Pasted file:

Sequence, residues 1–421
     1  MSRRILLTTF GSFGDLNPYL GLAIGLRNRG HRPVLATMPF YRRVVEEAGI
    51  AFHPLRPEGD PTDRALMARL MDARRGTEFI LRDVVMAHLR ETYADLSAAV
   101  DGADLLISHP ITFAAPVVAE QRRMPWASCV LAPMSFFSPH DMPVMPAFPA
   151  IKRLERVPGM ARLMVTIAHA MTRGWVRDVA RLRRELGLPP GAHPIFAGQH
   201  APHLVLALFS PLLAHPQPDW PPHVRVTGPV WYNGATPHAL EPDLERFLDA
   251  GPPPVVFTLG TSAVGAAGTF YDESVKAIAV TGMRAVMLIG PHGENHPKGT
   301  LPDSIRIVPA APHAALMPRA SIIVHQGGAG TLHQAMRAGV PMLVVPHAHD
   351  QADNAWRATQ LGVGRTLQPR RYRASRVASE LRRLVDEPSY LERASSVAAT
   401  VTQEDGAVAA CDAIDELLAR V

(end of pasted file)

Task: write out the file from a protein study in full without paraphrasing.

Sequence, residues 1–421
     1  MSRRILLTTF GSFGDLNPYL GLAIGLRNRG HRPVLATMPF YRRVVEEAGI
    51  AFHPLRPEGD PTDRALMARL MDARRGTEFI LRDVVMAHLR ETYADLSAAV
   101  DGADLLISHP ITFAAPVVAE QRRMPWASCV LAPMSFFSPH DMPVMPAFPA
   151  IKRLERVPGM ARLMVTIAHA MTRGWVRDVA RLRRELGLPP GAHPIFAGQH
   201  APHLVLALFS PLLAHPQPDW PPHVRVTGPV WYNGATPHAL EPDLERFLDA
   251  GPPPVVFTLG TSAVGAAGTF YDESVKAIAV TGMRAVMLIG PHGENHPKGT
   301  LPDSIRIVPA APHAALMPRA SIIVHQGGAG TLHQAMRAGV PMLVVPHAHD
   351  QADNAWRATQ LGVGRTLQPR RYRASRVASE LRRLVDEPSY LERASSVAAT
   401  VTQEDGAVAA CDAIDELLAR V